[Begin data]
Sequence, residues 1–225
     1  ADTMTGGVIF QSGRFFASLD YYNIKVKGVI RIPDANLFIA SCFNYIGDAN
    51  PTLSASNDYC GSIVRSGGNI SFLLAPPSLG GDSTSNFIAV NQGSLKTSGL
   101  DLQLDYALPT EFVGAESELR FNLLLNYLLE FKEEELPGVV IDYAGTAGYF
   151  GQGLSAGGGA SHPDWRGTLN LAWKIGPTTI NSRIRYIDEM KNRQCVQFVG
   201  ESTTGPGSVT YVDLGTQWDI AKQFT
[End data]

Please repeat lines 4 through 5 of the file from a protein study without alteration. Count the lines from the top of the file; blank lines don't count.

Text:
   101  DLQLDYALPT EFVGAESELR FNLLLNYLLE FKEEELPGVV IDYAGTAGYF
   151  GQGLSAGGGA SHPDWRGTLN LAWKIGPTTI NSRIRYIDEM KNRQCVQFVG